One of the people on the commission was the state herald at the time, Fred Brownell. Having previously helped to design the Namibian flag, and being obsessed with flags in general, Brownell figured he would take a stab at ours. While he was at a flag conference in Zurich he began to doodle on the programme notes. Those doodles were the genesis of our flag.

But his idea still needed a lot of approval. One of the people who needed to OK it was Nelson Mandela, the ANC president at the time. The only problem was that he was in Rustenburg in what is now North West. Legend has it that the flag was faxed to him. People of a certain age will be aware that colour fax machines were not a thing and so when the black and white version of the flag arrived in Rustenburg, colouring utensils had to be found and blanks filled in before it could be shown to Mandela.

Once greenlighted, it was time to see what people thought of the country's pretty new dress.

"The response was ... varied," says Harris. "Some people said that they had been snobs by adhering to flag design while others were saying it wasn't artistic enough. There were jokes about it being Y-fronts and a whole bunch of cartoons."

The response [to the design of the new South African flag]  was varied ... There were jokes about it being Y-fronts
Adrienne Harris

Elections were around the corner. Political violence was flaring up in Gauteng and KwaZulu-Natal and Lucas Mangope was partnering with Afrikaner terrorists in a bid to hold on to power. Few people were devoting energy to flags. The busyness of the period meant that the flag spent a fair amount of time near the bottom of then president FW de Klerk's to-do list. The design was only promulgated on April 20 1994, seven days before the flag was due to be inaugurated.

"Now there was mass chaos. It was calculated that they would need 100,000 flags and that was just for key points. To make it worse there were only two flagmakers in SA," says Harris.

Further complicating the process was that the South African flag is made out of a loose-weave fabric called bunting, a rare thing among national flags. So bunting had to be sourced from all corners of the globe to help supply this fledgling democracy at the bottom of Africa. The world ran out of bunting. They had to get permission to use polyester for the flags," says Harris.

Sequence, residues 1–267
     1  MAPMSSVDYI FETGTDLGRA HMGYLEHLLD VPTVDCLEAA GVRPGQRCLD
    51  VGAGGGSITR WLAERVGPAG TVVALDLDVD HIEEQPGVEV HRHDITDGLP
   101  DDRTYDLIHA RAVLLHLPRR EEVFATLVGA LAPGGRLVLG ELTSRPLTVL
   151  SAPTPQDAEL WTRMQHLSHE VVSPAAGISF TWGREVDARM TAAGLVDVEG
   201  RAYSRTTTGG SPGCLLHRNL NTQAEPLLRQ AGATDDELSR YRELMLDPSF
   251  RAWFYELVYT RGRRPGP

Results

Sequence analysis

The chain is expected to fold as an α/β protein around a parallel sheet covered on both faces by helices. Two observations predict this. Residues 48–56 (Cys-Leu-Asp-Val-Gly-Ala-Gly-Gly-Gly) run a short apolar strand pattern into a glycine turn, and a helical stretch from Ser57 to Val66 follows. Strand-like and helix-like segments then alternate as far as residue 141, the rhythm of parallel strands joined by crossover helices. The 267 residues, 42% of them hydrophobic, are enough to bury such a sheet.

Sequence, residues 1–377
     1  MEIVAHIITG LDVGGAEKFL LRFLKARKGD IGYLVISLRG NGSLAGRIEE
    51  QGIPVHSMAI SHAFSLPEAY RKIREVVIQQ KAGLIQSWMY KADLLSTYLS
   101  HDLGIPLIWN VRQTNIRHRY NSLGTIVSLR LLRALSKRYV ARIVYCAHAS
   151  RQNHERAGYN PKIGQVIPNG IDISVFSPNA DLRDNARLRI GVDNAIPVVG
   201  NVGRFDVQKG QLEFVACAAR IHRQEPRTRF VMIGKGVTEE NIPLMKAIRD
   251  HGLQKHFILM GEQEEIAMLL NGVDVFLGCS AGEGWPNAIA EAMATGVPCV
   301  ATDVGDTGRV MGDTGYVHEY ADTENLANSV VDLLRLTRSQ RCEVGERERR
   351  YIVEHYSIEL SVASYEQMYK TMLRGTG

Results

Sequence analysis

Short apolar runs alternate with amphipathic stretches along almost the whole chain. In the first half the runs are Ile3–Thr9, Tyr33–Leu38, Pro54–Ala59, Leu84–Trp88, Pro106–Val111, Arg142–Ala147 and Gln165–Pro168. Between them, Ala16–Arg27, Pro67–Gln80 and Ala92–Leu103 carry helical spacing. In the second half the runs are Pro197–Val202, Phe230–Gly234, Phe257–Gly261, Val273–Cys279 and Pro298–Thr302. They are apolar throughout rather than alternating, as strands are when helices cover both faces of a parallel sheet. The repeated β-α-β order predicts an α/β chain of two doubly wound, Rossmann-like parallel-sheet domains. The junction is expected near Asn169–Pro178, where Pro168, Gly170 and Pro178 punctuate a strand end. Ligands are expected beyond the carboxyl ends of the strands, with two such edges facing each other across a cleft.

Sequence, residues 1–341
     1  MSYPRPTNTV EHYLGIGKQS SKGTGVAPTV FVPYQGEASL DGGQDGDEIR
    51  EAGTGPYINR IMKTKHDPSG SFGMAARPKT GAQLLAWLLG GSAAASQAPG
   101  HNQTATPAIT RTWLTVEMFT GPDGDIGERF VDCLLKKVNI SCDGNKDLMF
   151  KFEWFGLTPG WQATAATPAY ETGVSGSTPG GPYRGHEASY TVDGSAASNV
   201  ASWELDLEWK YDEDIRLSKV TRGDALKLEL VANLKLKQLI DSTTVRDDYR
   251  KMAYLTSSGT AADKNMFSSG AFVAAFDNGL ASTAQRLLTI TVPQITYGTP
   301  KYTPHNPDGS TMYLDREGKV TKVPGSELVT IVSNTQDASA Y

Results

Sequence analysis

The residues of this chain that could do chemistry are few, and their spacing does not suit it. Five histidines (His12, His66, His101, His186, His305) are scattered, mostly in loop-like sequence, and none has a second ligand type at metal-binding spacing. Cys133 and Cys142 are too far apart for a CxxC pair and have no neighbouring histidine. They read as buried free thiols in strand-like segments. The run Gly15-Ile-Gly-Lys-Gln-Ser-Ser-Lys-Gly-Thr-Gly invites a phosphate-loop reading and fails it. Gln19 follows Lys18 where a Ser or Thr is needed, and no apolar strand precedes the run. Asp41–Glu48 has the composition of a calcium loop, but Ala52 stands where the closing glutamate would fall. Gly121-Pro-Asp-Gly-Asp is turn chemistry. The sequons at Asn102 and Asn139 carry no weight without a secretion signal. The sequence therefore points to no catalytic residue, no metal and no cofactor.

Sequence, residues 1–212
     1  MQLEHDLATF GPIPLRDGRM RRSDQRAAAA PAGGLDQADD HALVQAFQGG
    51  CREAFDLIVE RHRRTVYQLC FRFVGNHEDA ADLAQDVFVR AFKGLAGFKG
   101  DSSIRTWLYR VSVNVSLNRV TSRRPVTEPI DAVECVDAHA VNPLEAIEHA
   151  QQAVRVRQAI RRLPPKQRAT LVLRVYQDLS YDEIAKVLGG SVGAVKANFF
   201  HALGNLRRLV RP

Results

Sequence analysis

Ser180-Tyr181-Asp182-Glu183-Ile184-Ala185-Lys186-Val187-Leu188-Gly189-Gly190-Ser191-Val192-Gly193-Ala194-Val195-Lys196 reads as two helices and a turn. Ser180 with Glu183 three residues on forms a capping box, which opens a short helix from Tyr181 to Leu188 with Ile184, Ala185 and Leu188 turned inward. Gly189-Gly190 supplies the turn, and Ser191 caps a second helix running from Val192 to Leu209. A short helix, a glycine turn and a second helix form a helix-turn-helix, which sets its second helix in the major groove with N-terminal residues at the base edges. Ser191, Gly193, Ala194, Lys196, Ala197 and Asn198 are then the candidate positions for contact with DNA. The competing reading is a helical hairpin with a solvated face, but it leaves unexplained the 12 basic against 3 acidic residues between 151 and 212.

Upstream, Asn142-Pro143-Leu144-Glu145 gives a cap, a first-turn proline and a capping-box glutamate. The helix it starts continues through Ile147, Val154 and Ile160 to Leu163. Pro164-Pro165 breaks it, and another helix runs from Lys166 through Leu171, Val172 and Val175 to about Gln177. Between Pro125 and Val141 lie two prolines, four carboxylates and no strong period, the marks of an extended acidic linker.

The new flag being made.
The new flag being made.
Image: Chris Ingidge

Despite their best efforts there were still not enough flags to fly above every polling station. That wasn't a train smash because at one minute past midnight the new flag flew and with it the hopes and expectations of a new nation. The Zeitgeist was upbeat, tentatively hopeful and a marketer's dream. A colourful flag for a colourful nation. Smiling black faces with smiling white ones. We were all participants in a unique experiment. No-one had seen a transition of power like this and that filled us with pride. Sure, in the privacy of our own spaces we quietly gnawed on old bones of discontent, but in public it was a new day and Utopia was at hand.

The mood has darkened considerably since then. Broken promises, unresolved resentments and a lack of sufficient progress have led many South Africans to lament the dream our new flag sold us. We are arguably further away from unity now than we were back then and, in many cases, with good reason. Optimism about the future of our country is more likely to see one labelled a fantasist, whereas 25 years ago it was dogma.